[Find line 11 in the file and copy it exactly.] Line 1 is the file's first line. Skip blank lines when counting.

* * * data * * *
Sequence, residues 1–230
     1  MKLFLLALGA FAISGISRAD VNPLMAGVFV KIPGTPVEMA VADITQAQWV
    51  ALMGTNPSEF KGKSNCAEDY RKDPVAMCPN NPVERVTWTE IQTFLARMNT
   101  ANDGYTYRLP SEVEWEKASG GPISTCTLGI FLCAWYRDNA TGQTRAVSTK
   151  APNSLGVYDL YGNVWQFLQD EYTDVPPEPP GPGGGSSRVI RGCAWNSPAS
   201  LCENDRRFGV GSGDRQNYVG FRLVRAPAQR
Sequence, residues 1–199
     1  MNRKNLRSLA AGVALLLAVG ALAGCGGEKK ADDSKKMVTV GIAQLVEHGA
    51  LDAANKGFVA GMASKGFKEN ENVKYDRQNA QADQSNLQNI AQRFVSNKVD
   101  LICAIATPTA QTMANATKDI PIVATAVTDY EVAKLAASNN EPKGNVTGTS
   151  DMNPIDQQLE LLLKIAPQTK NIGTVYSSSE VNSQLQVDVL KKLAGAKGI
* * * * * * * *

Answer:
   151  DMNPIDQQLE LLLKIAPQTK NIGTVYSSSE VNSQLQVDVL KKLAGAKGI